Business – Osage County Online | Osage County News

Category Archives: Business

Osage County invites community members to grant writing workshop in November

The Osage County commissioners will be sponsoring a free grant writing workshop for Osage County entities, such as county and city employees, businesses, libraries, historical societies, museums, community organizations, school districts, non-profits, fire and medical entities.

The workshop will be 9:30 a.m. to 3:30 p.m. Wednesday, Nov. 1, 2023, at the Melvern Community Center, Melvern, Kan.

The goal is to build grant writers within each community by recruiting one to four people to attend the workshop. The workshop will be presented by Nancy Daniels, a community vitality specialist with K-State Research and Extension.

Registration is required, and registration deadline is Sept. 29, 2023, with a 60-person maximum. Lunch will be provided.

Register at, or for more information, contact Colleen Mendoza at or 785-829-5302 x144.

Osage City Fall Citywide Garage Sales, Sept. 15-16, 2023

Osage City citywide garage sales will be Sept. 15-16, 2023. The garage sales are hosted by the Osage City Chamber of Commerce, which distributes a map of the sales. Sellers are encouraged to signup now to get their sale on the map.

Garage and yard sales offer a great opportunity to get rid of some of that stuff you never use and free up some space.

The area map provides a chart for the type of items at the garage sales. To list your sale on the map or for more information, stop by to see Tricia Gundy at Peterson’s Assisted Living, Osage City, or call 785-219-9727.

Information needed is your name, address, a phone number in case of questions about the sale, Friday and Saturday or Saturday only sale, what area on the map, type of items to be sold (example: children clothing, adult clothing, furniture, collectibles, kitchen items, household items, craft items, miscellaneous), and a $5 donation fee. The proceeds go towards a scholarship awarded every year to two college-bound Osage City High School graduates. The deadline for adding a sale to the garage sale map is Sept. 14.

Chamber Chatter: Crouchers earn yard of month award for July

Even with the lack of rain and the hot days, many of the homes landscaping have been kept up with many hours of attention. Each month, the Chamber selects a yard to show appreciation of the beauty and hard work by the homeowners. The honorees receive $25 in Chamber Bucks to be used at an Osage City participating business. Announced as July’s winner was Gregg and Cheryl Croucher’s yard, at 834 Main St., Osage City. The beauty of their floral arrangements extends from the front of their home around to their back yard. The back yard includes a neatly kept garden, floral arrangements surrounding the house and out building. Gregg and Cheryl have lived in their home for 18 years.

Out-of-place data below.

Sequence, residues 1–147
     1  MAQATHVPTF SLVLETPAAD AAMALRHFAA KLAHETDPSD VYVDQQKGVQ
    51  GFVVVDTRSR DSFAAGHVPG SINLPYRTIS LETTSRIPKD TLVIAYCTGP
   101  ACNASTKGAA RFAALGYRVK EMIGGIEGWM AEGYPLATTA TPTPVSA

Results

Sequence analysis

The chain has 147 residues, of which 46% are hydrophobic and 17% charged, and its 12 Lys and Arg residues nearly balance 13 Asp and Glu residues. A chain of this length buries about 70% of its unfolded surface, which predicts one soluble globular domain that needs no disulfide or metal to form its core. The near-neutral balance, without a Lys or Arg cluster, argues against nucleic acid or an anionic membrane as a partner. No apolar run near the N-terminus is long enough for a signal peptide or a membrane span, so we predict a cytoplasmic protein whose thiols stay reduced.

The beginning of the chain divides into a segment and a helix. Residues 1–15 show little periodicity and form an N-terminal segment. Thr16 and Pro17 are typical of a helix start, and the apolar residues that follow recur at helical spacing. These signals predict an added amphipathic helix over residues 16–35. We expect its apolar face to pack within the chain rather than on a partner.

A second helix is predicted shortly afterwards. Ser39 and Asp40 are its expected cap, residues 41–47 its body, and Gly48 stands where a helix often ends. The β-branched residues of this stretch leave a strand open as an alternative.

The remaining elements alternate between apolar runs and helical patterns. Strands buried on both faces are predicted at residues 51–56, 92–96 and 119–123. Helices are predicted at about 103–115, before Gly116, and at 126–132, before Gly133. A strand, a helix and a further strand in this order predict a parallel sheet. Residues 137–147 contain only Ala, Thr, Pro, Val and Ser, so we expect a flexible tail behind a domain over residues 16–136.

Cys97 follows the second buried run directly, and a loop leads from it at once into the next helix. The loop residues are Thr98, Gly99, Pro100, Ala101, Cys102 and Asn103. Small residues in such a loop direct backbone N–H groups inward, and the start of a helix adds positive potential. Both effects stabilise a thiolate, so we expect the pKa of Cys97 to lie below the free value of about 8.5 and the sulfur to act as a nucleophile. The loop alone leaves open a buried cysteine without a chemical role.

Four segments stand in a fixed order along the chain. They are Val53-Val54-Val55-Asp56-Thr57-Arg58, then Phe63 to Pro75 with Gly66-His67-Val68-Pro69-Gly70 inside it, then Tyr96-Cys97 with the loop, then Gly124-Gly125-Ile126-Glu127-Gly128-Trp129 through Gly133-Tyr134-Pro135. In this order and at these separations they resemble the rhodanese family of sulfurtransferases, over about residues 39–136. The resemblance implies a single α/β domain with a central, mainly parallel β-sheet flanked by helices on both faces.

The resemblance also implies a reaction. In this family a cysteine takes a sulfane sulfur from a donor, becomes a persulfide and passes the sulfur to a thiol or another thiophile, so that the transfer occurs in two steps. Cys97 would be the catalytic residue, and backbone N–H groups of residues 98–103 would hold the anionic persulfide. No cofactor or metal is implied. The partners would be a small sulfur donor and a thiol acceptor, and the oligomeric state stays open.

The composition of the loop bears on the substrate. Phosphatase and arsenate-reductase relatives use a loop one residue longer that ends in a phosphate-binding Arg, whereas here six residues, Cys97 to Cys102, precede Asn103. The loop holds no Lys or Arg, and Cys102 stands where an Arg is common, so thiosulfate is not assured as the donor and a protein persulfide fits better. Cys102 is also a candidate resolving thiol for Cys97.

Ribbon cuttings mark progress in area business community

The Osage City Chamber of Commerce has been busy in the last month with ribbon cuttings celebrating new business ownership, renovations and reopenings.

June 28, 2023, COF Training Services held a grand opening of its newly renovated facility, which updated accommodations for individuals served. Renovations included a kitchen, alternative day programing area, updated restrooms, laundry facility, arts and crafts, exercise areas and contract work area.

New owners Kent and Erin Schaper cut the ribbon at Osage Building Materials.

Under new ownership, Osage Building Materials held a grand reopening and ribbon cutting on June 29, 2023. Kent and Erin Schaper are new owners of the Osage City hardware store and lumber yard. They also own Arrowhead Hardware, in Baldwin City. Kent and Erin said they are excited to be a part of the community and look forward to serving customers throughout Osage County for years to come. The event included a discount off all in stock, in store merchandise, participants enjoyed ice cream, give aways, refreshments, special offers and balloons.

Henry’s Coffee House: Owner Nathan Willis, center, with Chamber members Roger Mersmann and Joe Humerickhouse.

The Osage City Chamber of Commerce held a ribbon cutting July 6, 2023, for its newest member, Henry’s Coffee House. Henry’s is not a brand new business, having been open at 413 Market St. for a little more than two years. Joining the Chamber marks a milestone in Henry’s efforts to expand its business and make itself a central gathering spot for the community. Henry’s has added more food items to its lineup and has expanded its hours to be open seven days a week, and has future plans to expand to a larger space.

From the director: ‘You’re never too old to learn something new’